Stir in the rice and chicken broth. Bring to a boil, reduce heat, and simmer for 20 to 25 minutes, or until liquid is absorbed. Serve hot!

Tzvoorach (Farmer’s Salad)

Farmer's SaladI personally LOVE this dish and make it quite often for myself. It keeps well in the fridge (as any dairy would), but tends to separate a bit the next day, so make sure you re-mix it before serving. The vegetables listed below are the “classics” but you can definitely switch them up, adding bell peppers or celery. I’ve even seen broccoli and cauliflower thrown in. I suggest keeping the onions though, and they really add a kick to the mix. This recipe will serve 5-6 as a main.

Ingredients:

1 bunch radishes, sliced
1 long English cucumber, diced
1 pint cherry tomatoes, halved
1 bunch green onions, thinly sliced*
½-1 tsp. salt (to taste)
LOTS of freshly ground pepper
8 oz dry pressed or creamed cottage cheese
½ cup sour cream

* Click here to learn how to properly check green onions.

Directions:

In a large bowl, mix together first the cottage cheese and sour cream, with the salt and pepper, so that it has a chance to blend and have the salt and pepper flavour the cheese. Then add each of the chopped vegetables, tossing between each batch to fully incorporate. I suggest adding the tomatoes last so that they don’t bruise and break up too much with repeated mixing. Taste for salt and pepper, and adjust as needed. Serve cold/room temperature.

Sweet-and-Sour Celery

Sweet and Sour CeleryThis is a nice, easy side dish that gives a little sweet and a little sour to balance out the flavours. This recipe will serve 8 people.

Ingredients:

¾ cup water
¼ cup fresh lemon juice
3 tablespoons olive oil
3 tablespoons mild honey
¾ teaspoon salt
½ teaspoon pepper
4 lbs celery, cut into 2-inch pieces, reserving about 1 cup inner celery leaves* (2 to 3 bunches, any dark green outer ribs peeled)
¼ cup finely chopped flat leaf parsley*

* Click here to learn how to properly clean these ingredients.

Directions:

Cut a round of parchment paper to fit just inside a wide heavy 6-to 8-quarts pot, then set round aside. Simmer water, lemon juice, oil, honey, salt, and pepper in pot, stirring, until honey has dissolved. Stir in celery (but not leaves) and cover with parchment round. Simmer until tender and liquid is reduced to about ¼ cup, 35 to 40 minutes. Meanwhile, coarsely chop reserved leaves. Serve celery sprinkled with celery leaves and parsley.

Fish Soup

Fish SoupThis is a nice alternative to chicken soup, and combines the fish course and soup course into one! All the flavour, half the work! This recipe will serve about 12 people.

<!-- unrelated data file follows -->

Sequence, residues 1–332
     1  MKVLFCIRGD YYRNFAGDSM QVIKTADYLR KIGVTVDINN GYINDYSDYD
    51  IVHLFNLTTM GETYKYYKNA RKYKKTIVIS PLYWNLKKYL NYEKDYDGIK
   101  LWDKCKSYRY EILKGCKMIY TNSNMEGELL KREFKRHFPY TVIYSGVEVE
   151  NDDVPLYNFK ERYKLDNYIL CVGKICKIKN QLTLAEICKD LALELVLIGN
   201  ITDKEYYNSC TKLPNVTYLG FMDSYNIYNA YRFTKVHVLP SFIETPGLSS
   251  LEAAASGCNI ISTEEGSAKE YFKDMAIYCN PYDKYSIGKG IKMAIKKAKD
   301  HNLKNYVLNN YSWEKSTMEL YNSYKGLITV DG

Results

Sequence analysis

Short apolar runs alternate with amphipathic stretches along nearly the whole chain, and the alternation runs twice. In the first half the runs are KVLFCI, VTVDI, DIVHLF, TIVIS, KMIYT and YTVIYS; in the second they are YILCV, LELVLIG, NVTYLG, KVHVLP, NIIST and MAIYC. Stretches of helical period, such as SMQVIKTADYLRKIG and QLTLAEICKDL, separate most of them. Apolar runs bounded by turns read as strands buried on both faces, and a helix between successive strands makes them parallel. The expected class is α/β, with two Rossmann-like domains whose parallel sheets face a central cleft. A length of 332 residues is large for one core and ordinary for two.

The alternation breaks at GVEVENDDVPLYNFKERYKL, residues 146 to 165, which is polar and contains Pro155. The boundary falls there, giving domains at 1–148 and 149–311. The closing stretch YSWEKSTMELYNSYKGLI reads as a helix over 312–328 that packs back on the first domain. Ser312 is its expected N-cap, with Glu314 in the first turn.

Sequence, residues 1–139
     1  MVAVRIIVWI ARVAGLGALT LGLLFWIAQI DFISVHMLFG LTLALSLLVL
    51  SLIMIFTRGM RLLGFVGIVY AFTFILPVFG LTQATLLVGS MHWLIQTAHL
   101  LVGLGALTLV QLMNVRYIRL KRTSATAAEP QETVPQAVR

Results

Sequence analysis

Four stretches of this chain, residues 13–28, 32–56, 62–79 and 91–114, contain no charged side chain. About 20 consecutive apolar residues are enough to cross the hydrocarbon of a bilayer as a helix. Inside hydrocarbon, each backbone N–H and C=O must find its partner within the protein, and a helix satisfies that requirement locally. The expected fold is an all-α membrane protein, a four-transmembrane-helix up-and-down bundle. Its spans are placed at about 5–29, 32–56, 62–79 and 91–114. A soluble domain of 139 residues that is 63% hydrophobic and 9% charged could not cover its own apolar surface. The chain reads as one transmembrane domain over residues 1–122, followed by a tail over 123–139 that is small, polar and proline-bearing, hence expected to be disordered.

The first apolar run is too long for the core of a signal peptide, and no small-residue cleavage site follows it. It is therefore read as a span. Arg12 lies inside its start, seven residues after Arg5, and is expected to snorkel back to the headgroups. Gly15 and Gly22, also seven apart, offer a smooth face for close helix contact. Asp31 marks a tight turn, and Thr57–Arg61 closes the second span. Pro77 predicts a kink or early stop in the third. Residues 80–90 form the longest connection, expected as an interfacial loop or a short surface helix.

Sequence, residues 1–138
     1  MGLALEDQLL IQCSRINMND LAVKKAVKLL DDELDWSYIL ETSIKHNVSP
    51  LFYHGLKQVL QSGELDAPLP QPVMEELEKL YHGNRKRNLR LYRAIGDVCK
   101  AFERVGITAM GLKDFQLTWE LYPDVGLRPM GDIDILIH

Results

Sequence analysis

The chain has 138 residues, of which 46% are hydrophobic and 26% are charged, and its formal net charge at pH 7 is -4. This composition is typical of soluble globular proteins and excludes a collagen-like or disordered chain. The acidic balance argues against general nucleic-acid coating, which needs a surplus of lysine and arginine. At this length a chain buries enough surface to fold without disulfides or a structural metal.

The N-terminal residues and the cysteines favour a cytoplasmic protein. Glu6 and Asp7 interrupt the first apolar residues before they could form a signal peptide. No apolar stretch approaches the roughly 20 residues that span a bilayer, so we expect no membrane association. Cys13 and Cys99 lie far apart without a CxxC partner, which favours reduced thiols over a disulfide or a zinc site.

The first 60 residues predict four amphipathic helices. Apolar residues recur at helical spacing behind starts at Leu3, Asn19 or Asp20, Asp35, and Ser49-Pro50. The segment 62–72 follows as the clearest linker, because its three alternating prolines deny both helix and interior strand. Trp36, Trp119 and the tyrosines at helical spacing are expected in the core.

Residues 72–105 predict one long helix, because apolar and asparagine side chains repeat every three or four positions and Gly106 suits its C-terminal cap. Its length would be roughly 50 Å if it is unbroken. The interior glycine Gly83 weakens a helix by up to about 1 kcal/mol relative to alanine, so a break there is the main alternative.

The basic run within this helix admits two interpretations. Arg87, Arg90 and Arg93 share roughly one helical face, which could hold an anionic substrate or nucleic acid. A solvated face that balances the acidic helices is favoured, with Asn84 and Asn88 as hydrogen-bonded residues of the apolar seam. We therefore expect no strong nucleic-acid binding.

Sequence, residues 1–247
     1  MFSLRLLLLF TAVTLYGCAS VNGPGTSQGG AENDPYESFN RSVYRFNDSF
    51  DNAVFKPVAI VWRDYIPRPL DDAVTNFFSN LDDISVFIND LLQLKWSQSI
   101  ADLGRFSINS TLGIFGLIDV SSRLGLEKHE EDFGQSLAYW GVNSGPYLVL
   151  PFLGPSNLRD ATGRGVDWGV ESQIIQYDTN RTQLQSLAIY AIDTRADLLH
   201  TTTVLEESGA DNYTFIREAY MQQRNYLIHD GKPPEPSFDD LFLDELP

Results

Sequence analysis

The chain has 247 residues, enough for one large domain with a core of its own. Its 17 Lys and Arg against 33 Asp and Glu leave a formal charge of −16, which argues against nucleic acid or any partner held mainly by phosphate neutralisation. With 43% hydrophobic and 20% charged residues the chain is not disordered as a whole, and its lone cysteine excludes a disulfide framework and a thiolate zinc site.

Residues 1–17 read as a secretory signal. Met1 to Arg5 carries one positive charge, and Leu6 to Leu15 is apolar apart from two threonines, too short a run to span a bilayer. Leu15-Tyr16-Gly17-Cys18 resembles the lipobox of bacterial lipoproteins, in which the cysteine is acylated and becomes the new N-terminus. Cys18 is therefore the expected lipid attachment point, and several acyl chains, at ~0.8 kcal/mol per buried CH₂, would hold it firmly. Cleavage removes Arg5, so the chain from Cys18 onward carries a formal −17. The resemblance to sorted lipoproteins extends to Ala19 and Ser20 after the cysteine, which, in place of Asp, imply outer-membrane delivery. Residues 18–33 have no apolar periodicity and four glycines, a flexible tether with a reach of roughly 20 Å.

Ingredients:

⅓ cup olive oil
2 medium onions, quartered
2 large leeks, white part and most of the green part, sliced*
4 stalks celery
1 bulb fennel, quartered (save the fronds for garnish)*
6 cloves garlic
1 large bunch parsley*
2 red peppers, seeded and cut in chunks
Head and tail of a large salmon, tile fish, or any other big fish, quartered, loosely but securely wrapped in cheesecloth
2 (540ml) cans crushed tomatoes
8 cups water
2 large potatoes, cut in small cubes
1 cup dry white wine
½ teaspoon cayenne, or a little more to taste
Good pinch ground cloves
3 bay leaves
1 tablespoon paprika
2 good pinches saffron
8 cups fish, cubed, about 1” size (salmon, tile or snapper)

* Click here to learn how to properly clean these vegetables and herbs.

Directions:

In a food processor, coarsely grind the onions, leeks, celery, fennel, garlic, parsley and peppers. You can do this in batches if you have a smaller processor or you find the vegetables are becoming over processed.

In a large soup pot, heat the olive oil, and then add the vegetable mixture. Sauté the mixture until the onions and leeks become translucent, about 5 to 10 minutes. Mix often so that nothing sticks and burns.

Next, add the head and tail of the fish (in the cloth), along with the tomatoes, water, potatoes, wine, cloves, bay leaves and paprika. Reduce the heat to a simmer, and let cook for 45 minutes.

Remove the cheesecloth with the fish parts in it, and then add the chopped up fish meat and saffron to the pot. Allow the soup to cook another few minutes until the chopped fish has cooked through. Adjust salt and pepper to taste, and then serve hot, garnished with a few fronds from the fennel.

Classic Minestrone

minestrone 1

Ingredients:

¼ cup and 2 tablespoons olive oil
1 leek, thinly sliced*
1 small onion, diced
3 cloves garlic, minced
4 carrots, diced large
2 zucchini, sliced
1 (398ml) can cut green beans
4 stalks celery, sliced
12 cups vegetable/beef/chicken stock
2 (796ml) cans diced tomatoes, with juice
1 tablespoon chopped fresh thyme*
1 (796ml) can cannellini beans, with liquid
½ cup elbow macaroni
salt and ground black pepper to taste

Directions:

Heat olive oil in a large pot, over medium heat. Add the garlic, leek and onion to the pot, and cook until they become translucent. Add the carrots, zucchini, green beans and celery. Cover, and reduce heat to low. Cook for 10 to 15 minutes, stirring the ingredients occasionally so that nothing burns. Add the stock, tomatoes and thyme, and scrape up the bottom of the pan to release any stuck bits. Bring the soup to a boil, then replace the lid, and reduce heat to low; simmer gently for 30 to 45 minutes. Stir in the cannellini beans with liquid and pasta. Simmer for an additional 10 minutes, or until pasta is al dente. Season with salt and pepper to taste before serving.

* click here to see how to properly clean these ingredients.

Sauce 3 – Espagnole Sauce

Please note that these recipes call for the use of butter and “brown stock” aka beef stock. Kosher regulations would not permit this, as we cannot mix dairy and meat together. The alternatives in this case are to either use margarine in place of the butter or to use imitation beef stock, which is pareve, and is not considered to be meat.

espagnole sauceEspagnole Sauce